Farm bill retains support
Farmers and politicians meeting Sunday in Fargo made their message clear about the 2002 federal farm bill: If it's not broken, don't fix it. However, if Congress does make changes to the bill when it expires in 2007, they should include programs ...
Farmers and politicians meeting Sunday in Fargo made their message clear about the 2002 federal farm bill: If it's not broken, don't fix it.
However, if Congress does make changes to the bill when it expires in 2007, they should include programs to promote renewable energy such as ethanol and biodiesel, said Sen. Kent Conrad, D-N.D.
Conrad, former House Agriculture Committee Chairman Larry Combest and state Agriculture Commissioner Roger Johnson talked about the challenges and opportunities facing the next farm bill before about 200 people at the Fargodome.
The panel discussion kicked off a two-day conference sponsored by Conrad and the Center for Agricultural Policy and Trade Studies at North Dakota State University.
Combest, a Texas Republican who served in the House from 1985 to 2003 and was chief architect of the 2002 farm bill, said he would like to see it continued.
"I don't think I've ever seen a farm bill go this long that has continued to have this much support and that there's not been a cry to reopen or start making changes with it," he said.
However, the political climate has changed since the bill was passed, Conrad said.
Energy prices are up, and leaders in Congress don't share the strong farm interests of Combest or former Senate Majority Leader Tom Daschle of South Dakota, he said.
The nation also faces a $319 billion budget deficit, compared with a $128 billion surplus in 2001, said Conrad, a senior member of the Senate Finance Committee. The national debt increased by $551 billion this year and is anticipated to grow by $600 billion next year, he said.
"I believe this ocean of red ink is going to have a profound impact on the discussion of agricultural policy in the next farm bill," he said.
Randy Richards, who farms near Hope, N.D., and was representing North Dakota Farmers Union, said he supports the current farm bill. He drew applause when he suggested that instead of waiting for budget cuts, farmers should go on the offensive and ask for more money for energy, crop insurance and other programs, he said.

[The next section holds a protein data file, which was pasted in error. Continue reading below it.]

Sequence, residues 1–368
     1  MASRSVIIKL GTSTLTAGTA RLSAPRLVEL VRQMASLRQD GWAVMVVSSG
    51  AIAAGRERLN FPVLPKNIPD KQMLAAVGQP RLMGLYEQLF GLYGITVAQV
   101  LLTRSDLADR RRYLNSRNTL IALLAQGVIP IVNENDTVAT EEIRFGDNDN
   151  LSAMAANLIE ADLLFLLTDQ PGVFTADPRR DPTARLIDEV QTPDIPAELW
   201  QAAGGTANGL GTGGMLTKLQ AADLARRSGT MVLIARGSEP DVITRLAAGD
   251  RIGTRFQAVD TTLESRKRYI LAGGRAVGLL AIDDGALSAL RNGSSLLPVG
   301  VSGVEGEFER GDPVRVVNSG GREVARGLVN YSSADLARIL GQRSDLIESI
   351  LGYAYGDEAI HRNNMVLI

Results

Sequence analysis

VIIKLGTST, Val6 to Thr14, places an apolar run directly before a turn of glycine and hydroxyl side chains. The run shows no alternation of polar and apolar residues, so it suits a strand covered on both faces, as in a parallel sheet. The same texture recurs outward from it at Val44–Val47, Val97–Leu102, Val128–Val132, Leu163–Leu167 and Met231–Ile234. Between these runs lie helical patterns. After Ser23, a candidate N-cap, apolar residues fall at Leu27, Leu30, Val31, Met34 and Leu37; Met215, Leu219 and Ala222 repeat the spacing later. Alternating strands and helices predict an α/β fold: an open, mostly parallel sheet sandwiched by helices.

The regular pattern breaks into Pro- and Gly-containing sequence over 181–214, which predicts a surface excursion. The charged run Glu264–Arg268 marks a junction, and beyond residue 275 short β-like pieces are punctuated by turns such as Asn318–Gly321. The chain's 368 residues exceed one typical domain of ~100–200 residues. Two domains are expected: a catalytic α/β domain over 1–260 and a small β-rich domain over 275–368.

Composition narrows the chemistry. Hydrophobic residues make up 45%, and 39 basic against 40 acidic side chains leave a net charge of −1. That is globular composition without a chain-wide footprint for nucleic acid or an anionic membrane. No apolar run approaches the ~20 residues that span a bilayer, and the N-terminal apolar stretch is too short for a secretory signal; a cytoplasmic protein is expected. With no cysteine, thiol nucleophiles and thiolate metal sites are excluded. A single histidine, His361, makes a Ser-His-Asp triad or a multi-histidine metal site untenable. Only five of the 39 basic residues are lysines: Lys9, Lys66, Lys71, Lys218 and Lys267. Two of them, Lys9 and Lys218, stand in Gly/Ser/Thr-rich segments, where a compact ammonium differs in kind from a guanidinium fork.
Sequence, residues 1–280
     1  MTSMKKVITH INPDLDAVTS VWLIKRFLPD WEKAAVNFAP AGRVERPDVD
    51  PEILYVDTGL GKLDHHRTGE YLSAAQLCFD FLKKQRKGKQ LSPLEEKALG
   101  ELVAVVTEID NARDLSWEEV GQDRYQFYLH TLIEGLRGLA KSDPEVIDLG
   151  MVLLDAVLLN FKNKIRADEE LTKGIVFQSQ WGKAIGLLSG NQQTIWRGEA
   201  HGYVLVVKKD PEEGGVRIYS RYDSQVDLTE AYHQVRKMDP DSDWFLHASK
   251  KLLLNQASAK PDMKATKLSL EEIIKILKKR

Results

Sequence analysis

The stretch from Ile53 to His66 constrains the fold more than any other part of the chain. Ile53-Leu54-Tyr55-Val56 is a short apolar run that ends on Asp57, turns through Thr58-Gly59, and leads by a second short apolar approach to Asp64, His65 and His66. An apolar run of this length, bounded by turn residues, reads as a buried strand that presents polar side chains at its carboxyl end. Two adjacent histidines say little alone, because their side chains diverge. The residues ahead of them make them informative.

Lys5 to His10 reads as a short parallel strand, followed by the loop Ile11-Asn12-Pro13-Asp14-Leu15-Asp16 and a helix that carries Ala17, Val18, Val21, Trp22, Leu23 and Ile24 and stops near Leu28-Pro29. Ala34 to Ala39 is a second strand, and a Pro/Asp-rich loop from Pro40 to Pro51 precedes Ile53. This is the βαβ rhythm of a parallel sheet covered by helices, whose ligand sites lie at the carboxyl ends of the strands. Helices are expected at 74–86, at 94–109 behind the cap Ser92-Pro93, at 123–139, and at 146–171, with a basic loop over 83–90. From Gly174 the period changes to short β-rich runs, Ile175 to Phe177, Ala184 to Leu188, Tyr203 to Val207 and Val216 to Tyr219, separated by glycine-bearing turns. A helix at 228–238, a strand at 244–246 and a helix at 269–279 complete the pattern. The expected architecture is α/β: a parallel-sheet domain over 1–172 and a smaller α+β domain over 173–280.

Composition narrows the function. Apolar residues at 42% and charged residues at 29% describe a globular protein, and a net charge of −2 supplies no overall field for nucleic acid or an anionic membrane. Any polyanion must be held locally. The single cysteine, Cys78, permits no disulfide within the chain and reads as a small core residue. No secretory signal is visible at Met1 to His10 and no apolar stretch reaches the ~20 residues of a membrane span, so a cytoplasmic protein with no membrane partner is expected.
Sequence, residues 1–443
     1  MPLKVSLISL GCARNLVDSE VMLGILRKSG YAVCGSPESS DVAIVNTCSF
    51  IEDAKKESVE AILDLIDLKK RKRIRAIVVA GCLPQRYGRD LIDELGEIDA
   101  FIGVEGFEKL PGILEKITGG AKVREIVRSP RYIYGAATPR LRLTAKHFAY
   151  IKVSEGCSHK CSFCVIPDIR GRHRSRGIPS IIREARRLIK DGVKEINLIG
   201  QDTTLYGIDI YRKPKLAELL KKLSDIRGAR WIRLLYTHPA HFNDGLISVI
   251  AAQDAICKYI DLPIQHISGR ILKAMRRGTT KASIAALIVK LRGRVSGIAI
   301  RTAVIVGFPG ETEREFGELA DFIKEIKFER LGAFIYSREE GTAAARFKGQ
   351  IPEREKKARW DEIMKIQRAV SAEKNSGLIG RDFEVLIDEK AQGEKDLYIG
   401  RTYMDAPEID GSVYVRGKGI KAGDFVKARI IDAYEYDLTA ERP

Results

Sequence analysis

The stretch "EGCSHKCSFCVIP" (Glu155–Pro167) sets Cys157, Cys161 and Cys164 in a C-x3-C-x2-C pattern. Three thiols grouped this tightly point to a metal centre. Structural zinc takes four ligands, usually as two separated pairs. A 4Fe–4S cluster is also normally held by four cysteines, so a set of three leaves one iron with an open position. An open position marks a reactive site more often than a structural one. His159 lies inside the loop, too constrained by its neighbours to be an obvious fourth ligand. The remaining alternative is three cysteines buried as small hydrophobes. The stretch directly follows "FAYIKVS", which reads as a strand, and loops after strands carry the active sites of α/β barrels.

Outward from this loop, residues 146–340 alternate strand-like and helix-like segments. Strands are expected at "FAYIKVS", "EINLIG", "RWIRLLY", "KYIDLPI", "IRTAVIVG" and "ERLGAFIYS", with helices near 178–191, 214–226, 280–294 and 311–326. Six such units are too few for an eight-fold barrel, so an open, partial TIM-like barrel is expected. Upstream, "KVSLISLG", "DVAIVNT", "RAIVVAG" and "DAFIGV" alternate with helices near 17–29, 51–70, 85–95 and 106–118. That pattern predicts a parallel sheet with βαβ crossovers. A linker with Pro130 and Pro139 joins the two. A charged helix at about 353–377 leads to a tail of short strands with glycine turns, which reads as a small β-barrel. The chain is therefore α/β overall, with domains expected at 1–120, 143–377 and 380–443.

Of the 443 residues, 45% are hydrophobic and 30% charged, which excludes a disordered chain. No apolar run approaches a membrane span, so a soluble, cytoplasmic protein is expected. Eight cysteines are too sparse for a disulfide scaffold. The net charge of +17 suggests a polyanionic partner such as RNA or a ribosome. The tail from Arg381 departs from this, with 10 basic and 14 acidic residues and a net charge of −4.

"With the climate that it is, with terrorism, with the food safety and security act, with the prices of fuel now, if we can't sell that to the American people now, we never will," he said.
Conrad said he believes trade negotiations are the biggest threat to continuing the current farm program.
He and Combest both criticized an offer made earlier this month by the Bush administration to reduce trade-distorting subsidies to U.S. farmers by 60 percent in an effort to get the European Union and Japan to lower their subsidies, as well.
"I feel that basically it's unilateral disarmament of some policies in order to try to appease some of our trading partners around the world," he said.
Energy emerged Sunday as a top issue on the minds of farmers.
Fairdale, N.D., farmer Ed Loraas said he could fill up his 9,200-gallon fuel tank for about $6,700 three years ago. Now, it costs $22,000 to $24,000.
"That's almost impossible to deal with," Loraas said, adding, "We have to become somewhat energy self-sufficient in this country."
Conrad agreed, noting that in the past 15 years, Brazil has reduced its dependence on foreign oil from 80 percent to 10 percent by promoting soy-based biodiesel, corn-based ethanol and vehicles that burn multiple fuels.
"We need to look more to the middle west and less to the Middle East for our nation's energy," he said.
Readers can reach Forum reporter Mike Nowatzki at (701) 241-5528